In a media statement shared on social media early on Wednesday, SAMSA said after the breakout of the heavy downpour of rain and massive storm that led rapidly to some vessels at the port of Durban breaking loose and drifting dangerously, the organisation – jointly worked closely with the Transnet National Ports Authority (TNPA) round the clock to manage the chaotic situation.
The SAMSA statement released early today reads as follows:
October 10, 2017: Durban, South Africa:
The South African Maritime Safety Authority, working with the Transnet National Ports Authority in the emergency response operations within the Port of Durban today (Tuesday), will continue to monitor Durban’s and the coastal weather and sea conditions.
Chief Operating Officer for SAMSA, Sobantu Tilayi confirmed together with TNPA, SAMSA provided technical support during the multi vessel emergency operation. This was as a result of the major storm that hit Durban at about 09h30 this morning.
Tilayi said: “Our principal officer from SAMSA Durban office, Captain Hopewell Mkhize together with the Port of Durban Harbour Master, Captain Alex Miya convened a Joint Operations Committee which managed the emergency response operations. Five container ships in total were affected. We will continue monitoring weather conditions along the coast and monitor the situation in Durban for the next 48 hours.”
He said the Minister of Transport, Joe Maswanganyi, has been kept abreast of the emergency response and salvage operations.
An emergency meeting was convened at approximately 11h30 today with Mkhize and Miya to form a joint command and engage on the re-floating for the vessels MSC Innes, SM York, Bow Triumph and SA Shipyard floating dock with the new harbour tug. The meeting also dealt with vessels MSC Susanna and Maritime Newanda that broke moorings and had to be held by harbour tugs to prevent them also running aground.
The vessel, MSC Innes took priority as it blocked the port entrance. It took 5 tugs to re-float the 330-metre long container vessel and once re-floated, she was allocated a berth in the port for damage inspection.
The vessel, Bow Triumph, a 183-metre long product tanker, which was berthed in Island View broke its moorings and ran aground on the sand bank near the Island View Terminal. The vessel was re-floated at 16h30 and it took further effort to clear the anchors which were still stuck. All re-floating operations were completed at 17h30 and the vessel was allocated a berth overnight for damage inspection.
The vessel, MS New York, a 330-metre long container vessel, which ran aground near Maydon Wharf was also re-floated successfully and was allocated a berth for damage inspection. By 7pm tonight the vessel, MSC Susana, which had earlier broke from its mooring ropes, was secured. The Maritime Newanda vessel which broke loose was held by tugs and is currently berthed at Maydon Wharf.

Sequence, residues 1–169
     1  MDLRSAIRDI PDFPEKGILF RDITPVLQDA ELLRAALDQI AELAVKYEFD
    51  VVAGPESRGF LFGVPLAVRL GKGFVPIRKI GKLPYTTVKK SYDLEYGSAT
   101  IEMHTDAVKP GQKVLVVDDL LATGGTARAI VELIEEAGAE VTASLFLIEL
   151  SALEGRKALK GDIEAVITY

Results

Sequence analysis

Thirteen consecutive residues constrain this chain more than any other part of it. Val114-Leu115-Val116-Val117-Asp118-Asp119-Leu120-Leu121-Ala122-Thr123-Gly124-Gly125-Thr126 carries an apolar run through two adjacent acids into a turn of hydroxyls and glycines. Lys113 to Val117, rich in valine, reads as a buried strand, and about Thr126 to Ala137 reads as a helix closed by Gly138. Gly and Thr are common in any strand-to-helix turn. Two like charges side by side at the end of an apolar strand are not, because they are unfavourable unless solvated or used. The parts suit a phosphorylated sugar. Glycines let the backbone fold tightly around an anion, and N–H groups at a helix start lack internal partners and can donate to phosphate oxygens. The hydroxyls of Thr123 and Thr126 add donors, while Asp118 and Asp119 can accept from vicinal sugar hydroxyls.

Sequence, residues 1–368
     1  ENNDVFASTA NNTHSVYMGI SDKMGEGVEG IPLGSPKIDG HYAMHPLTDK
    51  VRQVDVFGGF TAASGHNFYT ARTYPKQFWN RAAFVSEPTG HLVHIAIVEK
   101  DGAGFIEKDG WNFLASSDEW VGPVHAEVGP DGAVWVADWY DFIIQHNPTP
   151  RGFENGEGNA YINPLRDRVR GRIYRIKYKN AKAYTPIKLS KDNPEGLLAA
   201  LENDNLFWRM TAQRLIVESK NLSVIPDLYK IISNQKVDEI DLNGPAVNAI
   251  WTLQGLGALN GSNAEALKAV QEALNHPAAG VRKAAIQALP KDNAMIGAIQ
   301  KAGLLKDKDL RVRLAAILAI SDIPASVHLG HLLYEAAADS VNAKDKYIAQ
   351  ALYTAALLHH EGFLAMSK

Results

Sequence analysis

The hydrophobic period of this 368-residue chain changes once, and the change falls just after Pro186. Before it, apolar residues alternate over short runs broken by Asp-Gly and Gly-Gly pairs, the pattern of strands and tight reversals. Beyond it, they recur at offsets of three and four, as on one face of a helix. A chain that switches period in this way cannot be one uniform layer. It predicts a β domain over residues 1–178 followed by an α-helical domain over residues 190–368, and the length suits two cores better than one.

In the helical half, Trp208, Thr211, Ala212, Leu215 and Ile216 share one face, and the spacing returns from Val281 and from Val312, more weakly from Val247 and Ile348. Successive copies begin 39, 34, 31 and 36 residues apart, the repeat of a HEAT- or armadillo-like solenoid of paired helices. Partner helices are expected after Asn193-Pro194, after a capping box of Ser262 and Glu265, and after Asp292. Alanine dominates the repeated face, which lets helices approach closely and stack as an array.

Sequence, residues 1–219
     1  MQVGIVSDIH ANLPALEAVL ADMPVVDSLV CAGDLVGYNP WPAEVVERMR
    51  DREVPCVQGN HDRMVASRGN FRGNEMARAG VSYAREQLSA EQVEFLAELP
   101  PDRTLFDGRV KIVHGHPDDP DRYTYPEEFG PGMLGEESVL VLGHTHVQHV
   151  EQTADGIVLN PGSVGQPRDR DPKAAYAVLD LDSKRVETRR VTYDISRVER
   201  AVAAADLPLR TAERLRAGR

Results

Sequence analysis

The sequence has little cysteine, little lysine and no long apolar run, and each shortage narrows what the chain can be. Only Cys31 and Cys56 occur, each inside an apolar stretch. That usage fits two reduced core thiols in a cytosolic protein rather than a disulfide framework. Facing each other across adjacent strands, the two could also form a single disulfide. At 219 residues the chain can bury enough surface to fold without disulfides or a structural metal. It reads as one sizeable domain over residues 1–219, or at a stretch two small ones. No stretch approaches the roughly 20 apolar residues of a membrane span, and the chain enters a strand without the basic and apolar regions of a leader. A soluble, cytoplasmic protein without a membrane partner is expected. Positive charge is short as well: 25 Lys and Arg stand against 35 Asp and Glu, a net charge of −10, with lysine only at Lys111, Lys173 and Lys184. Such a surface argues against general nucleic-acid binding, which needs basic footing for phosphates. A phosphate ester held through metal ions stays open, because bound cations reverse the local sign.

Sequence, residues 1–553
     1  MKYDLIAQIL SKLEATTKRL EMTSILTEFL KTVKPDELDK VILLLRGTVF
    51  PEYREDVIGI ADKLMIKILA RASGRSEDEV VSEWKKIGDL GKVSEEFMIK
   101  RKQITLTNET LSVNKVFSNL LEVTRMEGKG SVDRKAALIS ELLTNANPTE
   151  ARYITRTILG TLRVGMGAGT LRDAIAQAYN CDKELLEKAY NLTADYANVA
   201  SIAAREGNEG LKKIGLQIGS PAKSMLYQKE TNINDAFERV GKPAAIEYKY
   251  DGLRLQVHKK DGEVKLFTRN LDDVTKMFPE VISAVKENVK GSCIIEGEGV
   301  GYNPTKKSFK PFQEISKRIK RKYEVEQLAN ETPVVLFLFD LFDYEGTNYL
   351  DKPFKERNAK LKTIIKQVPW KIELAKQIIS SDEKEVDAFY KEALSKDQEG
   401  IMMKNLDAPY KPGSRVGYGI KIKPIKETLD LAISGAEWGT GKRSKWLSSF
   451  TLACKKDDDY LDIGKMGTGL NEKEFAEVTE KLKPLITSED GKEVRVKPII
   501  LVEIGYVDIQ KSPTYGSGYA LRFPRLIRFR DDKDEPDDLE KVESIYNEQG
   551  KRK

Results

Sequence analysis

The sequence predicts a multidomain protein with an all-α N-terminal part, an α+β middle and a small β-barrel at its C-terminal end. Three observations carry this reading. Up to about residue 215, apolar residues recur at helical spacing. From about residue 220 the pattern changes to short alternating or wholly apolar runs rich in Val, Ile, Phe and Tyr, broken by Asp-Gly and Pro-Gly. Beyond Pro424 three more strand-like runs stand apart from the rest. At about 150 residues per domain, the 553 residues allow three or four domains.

The SA Shipyards’ floating dock and new tug remain grounded on bank. It will be attended to in daylight hours.
TNPA reported that there was a straddle carrier which was blown into the water and remains unsecured. There are also reports that some cranes were derailed by strong winds. Of concern, according to Tilayi, are reports that there were about three containers believed to have been lost into the water with the exact position unknown. These pose a danger to navigation within the vicinity. TNPA confirmed that a search will be conducted in daylight hours.
There were no injuries no pollution reported on all the above incidents. Durban Port was closed due to debris in the water and unknown position of some containers which pose danger to navigation and damages to vessels.
“We are pleased with the overall cooperation from all stakeholders and the swift action to ensure the safety of people and equipment. More importantly is the demonstration of emergency preparedness that was displayed during this major incident. It is the first time that we have had to attend to this number of casualties simultaneously.
“We are pleased by the reaction of TNPA and their handling of the incident. We are increasingly getting confronted with deteriorating weather patterns and can expect similar incidents in the future given the effects of climate change. It was a saving grace that all this took place within the harbour where all resources are concentrated, it could have been worse if it was over a large open sea area. A full SAMSA report will be done once all salvage operations are completed,” Tilayi said.